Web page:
bi.verton        2
Texada       2
Trail        7
Ymir       7
Socialist Party of Canada. Meets
every alternate Monday. D. G. McKenzie, Secretary, Box 1688, Vancouver, B. C.
Executive Committee, Socialist Party
of Canada. Meets every alternate
Monday. D. Q. McKenzie, Secretary,
Box 1688 Vancouver, B. C.
Committee, Socialist Party nt Canada. Meets every alternate Monday in
Labor Hall, Eighth Ave. lia-'t. opposite postofllce. Secretary wlll be
pleased to answer any communications
regarding the movement In the province. F. Danby, Sec, Box 647 Calgary,
LOOAL   VBBHOH  B.   a,   Ho.   38,   S.   T.
ot O. Meets every Tuesday, 8 p. m.
sharp, at L. O. L. Hall, Tronson St.
Chas. Chaney, Secretary.
Headquarters and Heading Room,
623 Johnston St. Opposite Queens Hotel. Business meeting every Tuesday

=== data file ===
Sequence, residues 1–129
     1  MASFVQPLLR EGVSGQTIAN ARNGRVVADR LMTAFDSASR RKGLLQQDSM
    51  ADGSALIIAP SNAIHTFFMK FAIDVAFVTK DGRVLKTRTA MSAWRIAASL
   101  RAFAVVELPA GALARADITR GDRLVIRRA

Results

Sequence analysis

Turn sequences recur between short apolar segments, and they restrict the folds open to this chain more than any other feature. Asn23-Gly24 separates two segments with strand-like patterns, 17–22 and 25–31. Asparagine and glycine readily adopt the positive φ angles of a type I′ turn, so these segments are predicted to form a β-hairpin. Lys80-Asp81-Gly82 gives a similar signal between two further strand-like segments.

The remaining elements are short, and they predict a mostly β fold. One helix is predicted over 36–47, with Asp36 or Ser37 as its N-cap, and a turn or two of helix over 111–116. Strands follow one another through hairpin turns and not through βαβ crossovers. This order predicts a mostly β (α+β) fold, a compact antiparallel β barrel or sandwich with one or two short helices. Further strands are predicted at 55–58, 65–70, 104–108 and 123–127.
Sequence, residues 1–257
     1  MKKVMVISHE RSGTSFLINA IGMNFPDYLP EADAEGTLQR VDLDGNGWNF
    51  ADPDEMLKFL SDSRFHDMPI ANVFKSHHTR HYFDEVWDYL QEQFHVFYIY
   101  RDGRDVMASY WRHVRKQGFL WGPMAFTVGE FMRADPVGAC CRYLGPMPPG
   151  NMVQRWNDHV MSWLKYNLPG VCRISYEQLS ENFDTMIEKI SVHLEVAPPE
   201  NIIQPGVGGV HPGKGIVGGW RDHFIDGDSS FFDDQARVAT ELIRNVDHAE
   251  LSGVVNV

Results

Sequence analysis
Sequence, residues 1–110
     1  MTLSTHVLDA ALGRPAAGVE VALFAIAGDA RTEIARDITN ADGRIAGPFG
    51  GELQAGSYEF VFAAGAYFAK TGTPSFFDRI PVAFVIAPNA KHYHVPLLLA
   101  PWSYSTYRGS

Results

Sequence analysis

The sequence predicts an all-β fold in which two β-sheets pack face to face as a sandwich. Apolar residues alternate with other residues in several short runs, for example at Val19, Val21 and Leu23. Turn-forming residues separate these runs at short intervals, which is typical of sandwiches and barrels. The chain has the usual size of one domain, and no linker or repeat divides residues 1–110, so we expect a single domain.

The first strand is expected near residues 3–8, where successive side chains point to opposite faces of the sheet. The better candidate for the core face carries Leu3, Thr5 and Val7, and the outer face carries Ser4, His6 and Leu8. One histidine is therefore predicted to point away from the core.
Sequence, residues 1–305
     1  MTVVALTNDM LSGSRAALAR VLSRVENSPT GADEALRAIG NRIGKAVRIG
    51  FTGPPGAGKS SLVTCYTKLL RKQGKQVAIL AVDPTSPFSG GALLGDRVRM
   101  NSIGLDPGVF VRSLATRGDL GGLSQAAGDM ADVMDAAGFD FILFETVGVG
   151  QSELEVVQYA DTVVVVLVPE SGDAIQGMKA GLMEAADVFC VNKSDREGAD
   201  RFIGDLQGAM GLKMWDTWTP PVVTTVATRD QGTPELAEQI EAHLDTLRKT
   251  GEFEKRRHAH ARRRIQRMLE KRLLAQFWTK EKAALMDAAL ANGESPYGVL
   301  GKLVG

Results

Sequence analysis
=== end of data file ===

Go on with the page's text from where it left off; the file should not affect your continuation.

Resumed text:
evening, 8 p.m. Propaganda meetings
every Sunday at Grand Theatre.
, T. Gray. Secretary.
George the Fifth wlll be something |Here-s to y0Up Bill," and another one,
more than the mere placing of a
bauble on the pate of a puppet. It is
to he taken advantage of by the Empire's enterprising capitalists as a
splendid opportunity to parade their
commodities, and themselves, before
the eyes of an admiring and (possibly)
purchasing world. The "Coronation
Exhibition, 1911" of the arts. Industries and resources of the British Empire, ls to be truly an amazing affair.
The "Grand Council" of this enterprise presents an awesome array. All
tbe very best titles of antiquity that
money can buy are lined up imposingly.
Sir E. M. NelBon, K.C.M.G., President
Cold Storage & Ice Association, is also
I don't think. Then you hear a gurgling sound like water going down a
sink bole.
The man who drinks too much is not
the only Intemperate creature.
I knew a female Prohibitionist. To
see her eat eight or nine corn cobs
at one sitting was enough to make the
angels weep, and hang their harps on
the willows. She was quite satisfied
the drunkard was going to hell, and I
am sure the drunkard hoped she would
go to heaven.
If the Ascetics condemn the brewer
and the hotel keeper, because their